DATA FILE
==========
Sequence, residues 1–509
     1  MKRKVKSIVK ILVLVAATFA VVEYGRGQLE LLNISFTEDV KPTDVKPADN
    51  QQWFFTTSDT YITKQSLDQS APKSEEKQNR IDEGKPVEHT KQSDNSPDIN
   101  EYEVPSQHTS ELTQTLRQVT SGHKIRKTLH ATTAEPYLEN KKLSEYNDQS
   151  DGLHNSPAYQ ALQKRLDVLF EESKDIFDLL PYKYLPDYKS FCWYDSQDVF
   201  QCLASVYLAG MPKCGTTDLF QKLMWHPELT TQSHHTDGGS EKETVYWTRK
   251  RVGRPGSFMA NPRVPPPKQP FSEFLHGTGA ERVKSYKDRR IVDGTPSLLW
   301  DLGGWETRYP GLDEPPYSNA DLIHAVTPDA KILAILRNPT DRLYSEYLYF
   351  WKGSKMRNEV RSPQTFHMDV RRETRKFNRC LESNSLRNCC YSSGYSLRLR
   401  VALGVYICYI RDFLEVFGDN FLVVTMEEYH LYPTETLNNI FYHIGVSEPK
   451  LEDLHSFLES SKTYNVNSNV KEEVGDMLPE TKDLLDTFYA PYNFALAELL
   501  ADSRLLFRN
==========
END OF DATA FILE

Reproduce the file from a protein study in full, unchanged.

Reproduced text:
Sequence, residues 1–509
     1  MKRKVKSIVK ILVLVAATFA VVEYGRGQLE LLNISFTEDV KPTDVKPADN
    51  QQWFFTTSDT YITKQSLDQS APKSEEKQNR IDEGKPVEHT KQSDNSPDIN
   101  EYEVPSQHTS ELTQTLRQVT SGHKIRKTLH ATTAEPYLEN KKLSEYNDQS
   151  DGLHNSPAYQ ALQKRLDVLF EESKDIFDLL PYKYLPDYKS FCWYDSQDVF
   201  QCLASVYLAG MPKCGTTDLF QKLMWHPELT TQSHHTDGGS EKETVYWTRK
   251  RVGRPGSFMA NPRVPPPKQP FSEFLHGTGA ERVKSYKDRR IVDGTPSLLW
   301  DLGGWETRYP GLDEPPYSNA DLIHAVTPDA KILAILRNPT DRLYSEYLYF
   351  WKGSKMRNEV RSPQTFHMDV RRETRKFNRC LESNSLRNCC YSSGYSLRLR
   401  VALGVYICYI RDFLEVFGDN FLVVTMEEYH LYPTETLNNI FYHIGVSEPK
   451  LEDLHSFLES SKTYNVNSNV KEEVGDMLPE TKDLLDTFYA PYNFALAELL
   501  ADSRLLFRN